Several years ago, when I applied for my first ‘real’ job, the hiring manager was thankfully one of my dad’s close friends. After sending in my résumé and cover letter to him, he approached my dad and told him that he was going to pretend he never got my email… that’s how basic and lacking in professional standards the layout of my CV had been (which I had created about four years prior in my high school Careers class, and had simply been updating with new experience). He then sent me an example of a stellar résumé and cover letter, which turns out was written by someone who was the VP of one of our company’s vendors. I took that layout and ran with it, altering the bare minimum and adjusting both documents to reflect my own experience. Needless to say, after submitting my shiny new application, I got the job and continued to work there for two summers in a row.
That being said, in this tough job market, you have to start somewhere — namely, by selling yourself and your skills to your potential employer. In your CV, don’t forget to include:
- Education. Where did you go to school? Include your high school name and year attended, as well as any post-secondary institution and years attended, along with your major and (if applicable) minors. Also include any diploma/degree/certificate you are a candidate for, or have already received. Always begin with your most recent and work backward.
- Accomplishments. What have you done that stands out to employers? This can include anything from an award you were given, to being given the responsibility of training new employees for a given position.
- Experience. List all relevant experience. Include your employer, the position, the dates you were employed, and your responsibilities (in point form). The following examples are two of my three current positions.
- Volunteer Experience. As with your section on experience, format your volunteer experience accordingly.
- Skills. List all relevant skills related to the job. Try and narrow it down to the three most important and briefly elaborate (i.e., TEAMWORK: Works well in a group environment, can make important decisions, gets along well with my peers, proficiency in customer service)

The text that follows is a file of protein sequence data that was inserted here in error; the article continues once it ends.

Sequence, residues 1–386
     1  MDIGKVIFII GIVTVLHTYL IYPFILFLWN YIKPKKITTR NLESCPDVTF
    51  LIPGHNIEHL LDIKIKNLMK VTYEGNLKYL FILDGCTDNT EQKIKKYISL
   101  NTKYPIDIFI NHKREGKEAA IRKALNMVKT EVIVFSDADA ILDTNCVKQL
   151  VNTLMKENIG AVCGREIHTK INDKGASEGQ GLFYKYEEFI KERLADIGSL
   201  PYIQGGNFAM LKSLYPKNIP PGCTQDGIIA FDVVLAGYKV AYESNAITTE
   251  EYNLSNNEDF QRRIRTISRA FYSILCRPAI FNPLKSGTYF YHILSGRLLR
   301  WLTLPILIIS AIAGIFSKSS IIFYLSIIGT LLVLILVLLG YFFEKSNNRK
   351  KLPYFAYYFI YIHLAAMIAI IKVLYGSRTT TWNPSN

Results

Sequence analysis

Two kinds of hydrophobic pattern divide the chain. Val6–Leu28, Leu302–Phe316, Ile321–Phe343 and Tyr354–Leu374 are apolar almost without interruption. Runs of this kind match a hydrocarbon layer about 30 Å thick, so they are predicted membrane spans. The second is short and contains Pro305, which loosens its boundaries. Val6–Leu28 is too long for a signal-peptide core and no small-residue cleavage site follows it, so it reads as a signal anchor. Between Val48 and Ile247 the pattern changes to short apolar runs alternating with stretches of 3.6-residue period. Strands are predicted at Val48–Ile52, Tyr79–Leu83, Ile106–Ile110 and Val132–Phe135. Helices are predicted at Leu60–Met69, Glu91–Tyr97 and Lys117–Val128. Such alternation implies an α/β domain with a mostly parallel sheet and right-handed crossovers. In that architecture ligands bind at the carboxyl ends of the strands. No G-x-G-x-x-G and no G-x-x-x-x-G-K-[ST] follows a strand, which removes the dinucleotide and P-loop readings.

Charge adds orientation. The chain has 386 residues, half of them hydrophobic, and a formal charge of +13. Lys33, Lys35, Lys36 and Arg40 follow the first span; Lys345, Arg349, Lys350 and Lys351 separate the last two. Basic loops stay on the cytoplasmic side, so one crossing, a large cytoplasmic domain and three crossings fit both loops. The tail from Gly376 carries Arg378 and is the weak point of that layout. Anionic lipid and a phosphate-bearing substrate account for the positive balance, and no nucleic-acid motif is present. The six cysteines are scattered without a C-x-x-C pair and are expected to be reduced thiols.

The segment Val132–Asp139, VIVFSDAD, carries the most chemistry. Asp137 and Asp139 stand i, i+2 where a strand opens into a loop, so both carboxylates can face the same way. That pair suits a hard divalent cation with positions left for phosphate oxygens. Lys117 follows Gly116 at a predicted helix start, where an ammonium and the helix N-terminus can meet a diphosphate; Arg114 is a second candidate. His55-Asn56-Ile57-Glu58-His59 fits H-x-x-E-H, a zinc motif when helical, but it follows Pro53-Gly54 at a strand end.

As for your cover letter, you tweak the content of this letter to the skills that you possess, which are relevant to the job. Lately, I’ve been applying to marketing positions, so you can find a template to my marketing cover letter by clicking here. I’ve also applied to several jobs in the publishing industry, and that cover letter template can be found by clicking here. All you would have to do is alter my personal experience to reflect your own. You will also see from both my résumé and cover letter than I have a personal website, as well. This is essentially an online CV with all of my experience broken down and detailed, as well as links to the corporate websites of the companies I have worked for and any online work of mine that has been published. To see it all, you can visit (it’s a click-through link): www.EmilyMichelleFata.com. I have heard back from many potential employers that they loved my website and found it to be something that set me aside from other candidates. If something as small as a personal website can encourage an employer to give you an interview, I consider it to be a great investment.
And that’s really all there is to the application process! Make sure that you’re always presenting the best side of yourself — elaborate on your relevant experience and expansive skill set. Always state why YOU would be the best fit not only for the position, but for the company that you are applying to. Highlight how great of a candidate you are.
What are your thoughts on today’s job market and application processes? Let me know in the comments!